Understanding Lens Flare

Understanding Lens FlareLens flare can appear as a general haze across the picture that lightens it reducing contrast. It can also appear as streaks across the picture or shapes, usually circles, in the picture.Flare is commonly associated with sunlight, but can occur as the result of any bright light in the area.

How to Avoid Lens Flare

Avoiding lens flare can be quite simple. Here are some easy tips.

Shield Your Lens from the Sun

You can shield your lens from the sun to make sure that the glare doesn't hit its glass elements. The easiest way to do this is with a lens hood. A lens hood is a cylindrical peice of plastic that screws onto the end of your lens. They can have a straight or tulip-style edges.
If you don't have a lens hood with you, you can improvise by shielding your lens with your hand or a piece of paper.

Use a Prime Lens

Prime lenses usually produce less flare then zoom lenses because they contain fewer glass elements. The more glass in your lens the more opportunities for light to bounce around inside it.
If you are using a zoom lens, you'll find that changing the focal length can reduce flare some. Try taking the picture at different focal lengths to see if you can minimize flare.

Watch Your Composition

Taking your picture in the direction of the a bright light like the sun will increase the occurrence of flare. Having the light in the picture or even just out of the frame can cause streaks and haze in your photo. Compose your picture so that the sun or other bright lights are well out of frame.

Understanding Lens Flare

Using Lens Flare

Understanding lens flare is important to being able to use it artistically in your pictures. You don't have to always avoid it. It can add to your pictures too. Image editing programs like Photoshop even allow you to add flare to your pictures after you've taken them.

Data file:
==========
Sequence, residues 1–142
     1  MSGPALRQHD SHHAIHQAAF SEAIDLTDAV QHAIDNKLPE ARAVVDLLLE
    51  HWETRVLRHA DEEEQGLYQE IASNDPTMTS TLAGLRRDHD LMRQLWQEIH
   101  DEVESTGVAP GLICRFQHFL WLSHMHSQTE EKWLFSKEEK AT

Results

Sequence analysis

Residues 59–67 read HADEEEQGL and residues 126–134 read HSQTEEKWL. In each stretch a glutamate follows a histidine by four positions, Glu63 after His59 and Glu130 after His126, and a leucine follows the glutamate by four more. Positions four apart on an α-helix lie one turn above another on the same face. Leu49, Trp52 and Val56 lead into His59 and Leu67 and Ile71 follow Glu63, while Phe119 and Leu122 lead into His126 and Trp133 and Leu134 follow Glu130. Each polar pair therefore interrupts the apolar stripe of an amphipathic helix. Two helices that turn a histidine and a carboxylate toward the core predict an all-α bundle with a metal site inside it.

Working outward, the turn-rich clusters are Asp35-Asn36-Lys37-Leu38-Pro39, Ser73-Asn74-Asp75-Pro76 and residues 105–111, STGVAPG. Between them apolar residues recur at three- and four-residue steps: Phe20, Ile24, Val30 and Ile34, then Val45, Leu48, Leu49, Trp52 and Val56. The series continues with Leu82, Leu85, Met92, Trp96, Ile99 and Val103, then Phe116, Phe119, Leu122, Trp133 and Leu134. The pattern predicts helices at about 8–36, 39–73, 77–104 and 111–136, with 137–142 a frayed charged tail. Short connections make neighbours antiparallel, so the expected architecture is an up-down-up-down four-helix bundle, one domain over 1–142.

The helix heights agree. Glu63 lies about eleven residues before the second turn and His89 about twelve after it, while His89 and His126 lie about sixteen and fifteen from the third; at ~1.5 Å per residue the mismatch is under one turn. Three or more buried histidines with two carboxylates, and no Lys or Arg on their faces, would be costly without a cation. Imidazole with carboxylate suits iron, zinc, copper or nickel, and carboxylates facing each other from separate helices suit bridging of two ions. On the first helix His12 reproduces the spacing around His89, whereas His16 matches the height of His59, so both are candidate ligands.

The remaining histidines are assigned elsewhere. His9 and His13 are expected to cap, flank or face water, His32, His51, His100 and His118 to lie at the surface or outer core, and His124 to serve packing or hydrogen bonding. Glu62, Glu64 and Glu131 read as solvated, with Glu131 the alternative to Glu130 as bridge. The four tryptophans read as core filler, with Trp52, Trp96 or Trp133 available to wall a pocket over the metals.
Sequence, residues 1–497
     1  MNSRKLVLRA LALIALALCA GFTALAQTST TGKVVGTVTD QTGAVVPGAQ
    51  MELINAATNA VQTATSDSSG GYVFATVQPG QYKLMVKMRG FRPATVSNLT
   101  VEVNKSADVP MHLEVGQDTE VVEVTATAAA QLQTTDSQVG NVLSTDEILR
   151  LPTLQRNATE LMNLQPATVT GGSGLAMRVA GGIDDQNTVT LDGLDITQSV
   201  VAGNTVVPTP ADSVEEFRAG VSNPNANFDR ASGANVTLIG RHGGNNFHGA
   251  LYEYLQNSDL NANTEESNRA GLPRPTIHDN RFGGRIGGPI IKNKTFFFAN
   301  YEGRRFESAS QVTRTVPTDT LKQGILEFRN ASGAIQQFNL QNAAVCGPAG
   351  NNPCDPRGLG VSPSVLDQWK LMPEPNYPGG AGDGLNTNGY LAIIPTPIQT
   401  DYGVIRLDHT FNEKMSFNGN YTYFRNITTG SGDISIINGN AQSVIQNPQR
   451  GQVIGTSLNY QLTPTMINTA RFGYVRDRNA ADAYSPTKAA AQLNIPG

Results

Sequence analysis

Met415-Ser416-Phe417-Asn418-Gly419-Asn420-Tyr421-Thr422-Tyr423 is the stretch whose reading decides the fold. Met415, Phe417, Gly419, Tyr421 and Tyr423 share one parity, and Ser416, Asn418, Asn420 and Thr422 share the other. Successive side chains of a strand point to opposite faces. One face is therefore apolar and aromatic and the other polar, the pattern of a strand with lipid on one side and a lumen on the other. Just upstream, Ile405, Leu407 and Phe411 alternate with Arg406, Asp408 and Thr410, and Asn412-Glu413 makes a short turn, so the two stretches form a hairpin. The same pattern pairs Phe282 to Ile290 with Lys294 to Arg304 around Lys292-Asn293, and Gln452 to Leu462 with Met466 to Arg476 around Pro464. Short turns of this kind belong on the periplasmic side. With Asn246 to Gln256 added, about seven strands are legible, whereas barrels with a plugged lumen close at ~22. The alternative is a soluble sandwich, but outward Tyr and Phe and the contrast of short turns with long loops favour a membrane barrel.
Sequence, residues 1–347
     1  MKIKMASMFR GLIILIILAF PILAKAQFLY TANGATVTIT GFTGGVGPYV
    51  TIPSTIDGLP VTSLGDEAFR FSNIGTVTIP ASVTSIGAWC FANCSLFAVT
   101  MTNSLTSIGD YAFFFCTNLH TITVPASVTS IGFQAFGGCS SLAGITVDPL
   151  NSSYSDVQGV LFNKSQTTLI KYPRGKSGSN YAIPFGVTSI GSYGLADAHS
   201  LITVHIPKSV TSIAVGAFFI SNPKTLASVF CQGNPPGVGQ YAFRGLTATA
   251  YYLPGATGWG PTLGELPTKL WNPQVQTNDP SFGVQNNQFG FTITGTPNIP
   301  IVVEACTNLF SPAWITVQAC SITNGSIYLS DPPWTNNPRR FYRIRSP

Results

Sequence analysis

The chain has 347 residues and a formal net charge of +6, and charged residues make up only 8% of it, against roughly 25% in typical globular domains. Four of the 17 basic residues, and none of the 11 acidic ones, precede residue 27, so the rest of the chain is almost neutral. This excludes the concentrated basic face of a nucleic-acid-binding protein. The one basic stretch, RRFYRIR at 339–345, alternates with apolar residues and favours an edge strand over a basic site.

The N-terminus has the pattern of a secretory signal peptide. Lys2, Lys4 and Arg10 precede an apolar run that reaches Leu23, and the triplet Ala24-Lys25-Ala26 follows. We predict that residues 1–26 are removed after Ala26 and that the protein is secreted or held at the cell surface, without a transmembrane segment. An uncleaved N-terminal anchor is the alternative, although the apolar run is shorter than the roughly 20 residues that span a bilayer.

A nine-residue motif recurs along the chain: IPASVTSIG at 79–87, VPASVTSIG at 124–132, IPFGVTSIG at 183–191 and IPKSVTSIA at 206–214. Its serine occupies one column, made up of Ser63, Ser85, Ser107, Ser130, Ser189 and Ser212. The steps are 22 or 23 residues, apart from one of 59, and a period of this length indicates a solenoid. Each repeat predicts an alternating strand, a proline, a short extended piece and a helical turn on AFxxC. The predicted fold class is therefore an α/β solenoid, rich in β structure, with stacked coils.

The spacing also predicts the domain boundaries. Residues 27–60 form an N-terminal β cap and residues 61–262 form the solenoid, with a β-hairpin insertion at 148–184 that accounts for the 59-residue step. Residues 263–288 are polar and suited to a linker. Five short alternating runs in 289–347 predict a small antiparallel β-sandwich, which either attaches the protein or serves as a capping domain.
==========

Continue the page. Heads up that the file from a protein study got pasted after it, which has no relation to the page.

Here are some tips to help you add flare to your photos.

Aim at the Sun

Taking your photo in the direction of the sun will help you get flare. Just put your subject between you and the light.

Use Manual Mode

When taking pictures in the direction of the light use manual mode. On automatic your camera will tend to underexpose the image. It will expose for the light, but leave your subject as a silhouette in the frame.
You may have to take the picture using manual focus too. Sometimes your camera will be confused by the bright light shining in its direction and won't know what to focus on. (read article about : The Art of Manual setting mode  in SLR Photography).

Understanding Lens Flare

Add it Later

Flare is easy enough to achieve, but if you decide after the fact that you wanted some flare in your picture you can always add it later in Photoshop.

Help us share with other